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Peter Kuhn, PhD
Professor of Biological Sciences
Dornsife College of Letters, Arts and Sciences
University of Southern California
Los Angeles, California
Goal: To advance precision medicine with technologies to guide treatment decisions in real time.
Impact: Drs. Kuhn and Hicks are using liquid biopsy—a non-invasive method to isolate cancer cells in a patient’s blood—to identify biomarkers that could be used to monitor response to drugs in breast cancer patients. If successful, this test would allow doctors to quickly make changes to a patient’s treatment plan if a therapy isn’t working, thereby, leading to improved outcomes for patients with breast and other cancers.
What’s next: The team will participate in a new round of clinical studies that stem from their discovery that liquid biopsy can be used to guide treatment strategy years into the treatment sequence.
A liquid biopsy is a blood-based, minimally invasive test commonly used in research that may one day have a significant impact on how breast cancer is managed. Drs. Kuhn and Hicks are evaluating the accuracy of this technique in monitoring patient response to anti-cancer therapy, which will allow for prompt changes in treatment if the current drug isn’t working.
Full Research Summary
Research area: Developing tools that will allow physicians to easily monitor breast cancer patients’ response to treatment so patients can be switched to a new therapy when their current one stops working.
Impact: Biomarkers are used to help determine the best therapy for each patient. However, cancer cells can change quickly and become resistant to treatment. Doctors currently monitor these changes via tumor biopsy or imaging. These approaches are typically done after the patient has completed their therapy to monitor tumor response. Liquid biopsy—a blood test that captures cancer cells and other tumor factors—is a promising, less invasive alternative to tumor testing that would provide faster, more detailed results. Drs. Kuhn and Hicks are using a liquid biopsy approach to identify biomarkers in the blood of patients to track response to treatment and, if necessary, allow adjustments to be made promptly.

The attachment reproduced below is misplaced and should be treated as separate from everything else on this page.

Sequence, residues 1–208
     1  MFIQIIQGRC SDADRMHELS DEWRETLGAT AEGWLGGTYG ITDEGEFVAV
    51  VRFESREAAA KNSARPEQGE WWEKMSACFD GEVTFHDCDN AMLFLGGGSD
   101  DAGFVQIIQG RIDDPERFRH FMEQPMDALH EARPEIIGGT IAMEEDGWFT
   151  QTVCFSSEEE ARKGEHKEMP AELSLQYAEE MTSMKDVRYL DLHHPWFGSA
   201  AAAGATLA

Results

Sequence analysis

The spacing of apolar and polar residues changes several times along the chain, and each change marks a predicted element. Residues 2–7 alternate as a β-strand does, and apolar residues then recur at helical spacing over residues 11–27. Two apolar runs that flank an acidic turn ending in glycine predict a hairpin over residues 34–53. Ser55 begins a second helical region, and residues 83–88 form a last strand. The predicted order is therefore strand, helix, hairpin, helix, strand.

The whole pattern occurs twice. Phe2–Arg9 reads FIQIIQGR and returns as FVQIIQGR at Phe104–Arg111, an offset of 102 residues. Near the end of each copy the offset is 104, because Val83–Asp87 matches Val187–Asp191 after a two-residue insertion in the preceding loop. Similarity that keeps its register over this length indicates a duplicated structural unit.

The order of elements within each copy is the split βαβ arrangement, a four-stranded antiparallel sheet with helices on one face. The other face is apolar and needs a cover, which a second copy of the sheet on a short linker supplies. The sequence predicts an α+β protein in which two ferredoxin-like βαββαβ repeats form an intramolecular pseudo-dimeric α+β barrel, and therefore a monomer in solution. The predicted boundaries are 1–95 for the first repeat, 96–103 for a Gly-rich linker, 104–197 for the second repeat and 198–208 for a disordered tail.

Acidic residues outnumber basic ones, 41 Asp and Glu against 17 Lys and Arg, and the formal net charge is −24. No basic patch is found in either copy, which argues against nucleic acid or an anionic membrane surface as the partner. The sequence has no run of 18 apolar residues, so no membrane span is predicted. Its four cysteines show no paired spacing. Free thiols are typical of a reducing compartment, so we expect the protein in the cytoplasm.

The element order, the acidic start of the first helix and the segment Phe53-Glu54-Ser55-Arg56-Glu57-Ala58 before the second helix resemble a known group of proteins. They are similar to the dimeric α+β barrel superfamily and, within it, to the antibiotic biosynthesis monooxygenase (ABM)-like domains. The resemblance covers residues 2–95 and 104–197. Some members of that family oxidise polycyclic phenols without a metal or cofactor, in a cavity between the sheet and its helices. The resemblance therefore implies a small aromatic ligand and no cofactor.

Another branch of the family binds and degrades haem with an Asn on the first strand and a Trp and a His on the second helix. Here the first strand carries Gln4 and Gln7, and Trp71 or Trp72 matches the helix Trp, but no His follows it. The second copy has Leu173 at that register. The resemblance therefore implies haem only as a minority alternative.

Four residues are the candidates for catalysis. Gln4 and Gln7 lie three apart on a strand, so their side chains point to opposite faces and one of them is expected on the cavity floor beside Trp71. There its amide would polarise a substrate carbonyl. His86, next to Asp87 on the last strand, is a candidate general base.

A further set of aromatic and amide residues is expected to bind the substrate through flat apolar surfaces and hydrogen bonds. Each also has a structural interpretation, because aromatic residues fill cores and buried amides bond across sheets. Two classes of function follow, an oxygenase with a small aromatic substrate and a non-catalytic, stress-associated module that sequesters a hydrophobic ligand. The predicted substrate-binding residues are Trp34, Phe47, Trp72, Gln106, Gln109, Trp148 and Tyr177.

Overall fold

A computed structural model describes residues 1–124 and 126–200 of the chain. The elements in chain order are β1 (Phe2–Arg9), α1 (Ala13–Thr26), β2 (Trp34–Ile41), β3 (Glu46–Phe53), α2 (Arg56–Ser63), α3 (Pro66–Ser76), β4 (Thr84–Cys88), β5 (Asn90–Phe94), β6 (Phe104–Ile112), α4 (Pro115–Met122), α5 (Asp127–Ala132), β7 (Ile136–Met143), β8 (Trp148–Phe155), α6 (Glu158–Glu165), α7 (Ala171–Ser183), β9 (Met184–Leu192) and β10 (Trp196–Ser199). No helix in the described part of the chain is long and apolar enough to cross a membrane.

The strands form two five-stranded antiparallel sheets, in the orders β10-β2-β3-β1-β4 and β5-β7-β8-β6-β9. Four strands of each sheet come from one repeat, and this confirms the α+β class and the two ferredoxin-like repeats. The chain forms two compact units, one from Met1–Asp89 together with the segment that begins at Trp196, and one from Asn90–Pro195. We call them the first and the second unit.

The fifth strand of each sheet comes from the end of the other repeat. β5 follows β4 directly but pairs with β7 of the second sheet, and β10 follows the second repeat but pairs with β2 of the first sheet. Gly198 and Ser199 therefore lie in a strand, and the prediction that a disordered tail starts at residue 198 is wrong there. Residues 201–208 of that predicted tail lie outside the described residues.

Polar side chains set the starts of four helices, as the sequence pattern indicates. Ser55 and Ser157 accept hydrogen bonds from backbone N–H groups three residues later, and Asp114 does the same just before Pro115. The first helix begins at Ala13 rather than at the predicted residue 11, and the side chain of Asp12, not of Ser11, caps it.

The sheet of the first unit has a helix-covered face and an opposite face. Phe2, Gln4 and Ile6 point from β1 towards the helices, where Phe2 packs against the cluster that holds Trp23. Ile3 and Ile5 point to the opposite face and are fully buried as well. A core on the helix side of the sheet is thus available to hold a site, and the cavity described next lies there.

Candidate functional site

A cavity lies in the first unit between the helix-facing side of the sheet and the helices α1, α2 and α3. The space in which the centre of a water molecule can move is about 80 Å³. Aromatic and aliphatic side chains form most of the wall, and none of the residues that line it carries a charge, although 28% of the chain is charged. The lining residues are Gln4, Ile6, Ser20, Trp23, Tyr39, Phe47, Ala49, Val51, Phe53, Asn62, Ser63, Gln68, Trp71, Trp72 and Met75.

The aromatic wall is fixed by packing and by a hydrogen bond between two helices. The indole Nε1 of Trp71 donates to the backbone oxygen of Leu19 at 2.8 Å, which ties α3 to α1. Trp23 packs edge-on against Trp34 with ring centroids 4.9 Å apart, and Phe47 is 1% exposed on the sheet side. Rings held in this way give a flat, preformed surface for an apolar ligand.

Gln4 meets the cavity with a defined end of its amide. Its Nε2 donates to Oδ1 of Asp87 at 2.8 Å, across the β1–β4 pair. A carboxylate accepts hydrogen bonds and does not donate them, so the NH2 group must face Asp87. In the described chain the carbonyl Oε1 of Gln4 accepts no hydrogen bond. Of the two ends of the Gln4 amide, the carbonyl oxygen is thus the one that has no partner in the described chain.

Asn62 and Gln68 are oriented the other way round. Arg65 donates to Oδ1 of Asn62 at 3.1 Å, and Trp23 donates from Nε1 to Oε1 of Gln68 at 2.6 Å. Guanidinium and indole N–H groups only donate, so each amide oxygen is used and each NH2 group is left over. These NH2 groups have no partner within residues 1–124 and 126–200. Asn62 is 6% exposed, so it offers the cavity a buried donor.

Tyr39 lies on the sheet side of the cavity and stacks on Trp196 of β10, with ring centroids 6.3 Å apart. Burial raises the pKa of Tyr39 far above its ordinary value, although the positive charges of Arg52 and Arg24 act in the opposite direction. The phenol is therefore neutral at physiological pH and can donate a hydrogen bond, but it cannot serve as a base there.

Current investigation: Using a combination of data science, biotechnology, bioengineering, and mathematical tools, the team has been exploring how cancer evolves in order to identify biomarkers in the blood that will help guide treatment at the earliest stages of breast cancer.
What they’ve learned so far: Drs. Kuhn and Hicks completed four studies in in which their liquid biopsy technology was applied to blood samples from patients participating in clinical trials. The data has demonstrated that liquid biopsy could also be used to guide treatment decisions late into the course of treatment.
What’s next: The team will participate in a new round of clinical studies related to follow up on these observations. This work will provide new insights into how breast cancer changes during the course of treatment.
Dr. Kuhn is a scientist and entrepreneur with a career long commitment in personalized medicine and individualized cancer patient care. He is focused on the redesign of cancer care.
Dr. Kuhn is a Professor at USC, a founding member of a new Institute of Convergent Sciences and director of the Southern California Physics Oncology Center. His research is shedding new light at how cancer spreads through the body. This new science will lead to a personalized care strategy that is biologically informed and clinically actionable.
Leveraging the laboratory’s fluid biopsy technology innovation, the Southern California Physics Oncology Center is advancing daily the forefront of both improving healthcare effectiveness for cancer patients by providing drug guidance and increasing our understanding of cancer as a disease in each individual patient.
Dr. Kuhn is a physicist who trained initially at the Julius Maximilians Universität Würzburg, Germany, before receiving his Masters in Physics at the University of Albany, Albany, NY in 1993 and his PhD in 1995. He then moved to Stanford University where he later joined the faculties of Medicine and Accelerator Physics. From 2002 to 2014 he established a translational science program at the Scripps Research in La Jolla, CA that brought together over forty scientists from basic, engineering and medical sciences to work on understanding the spread of cancer in the human body. He has published over 180 peer scientific articles and filed 16 patents as a result of his research. Dr. Kuhn joined USC in 2014.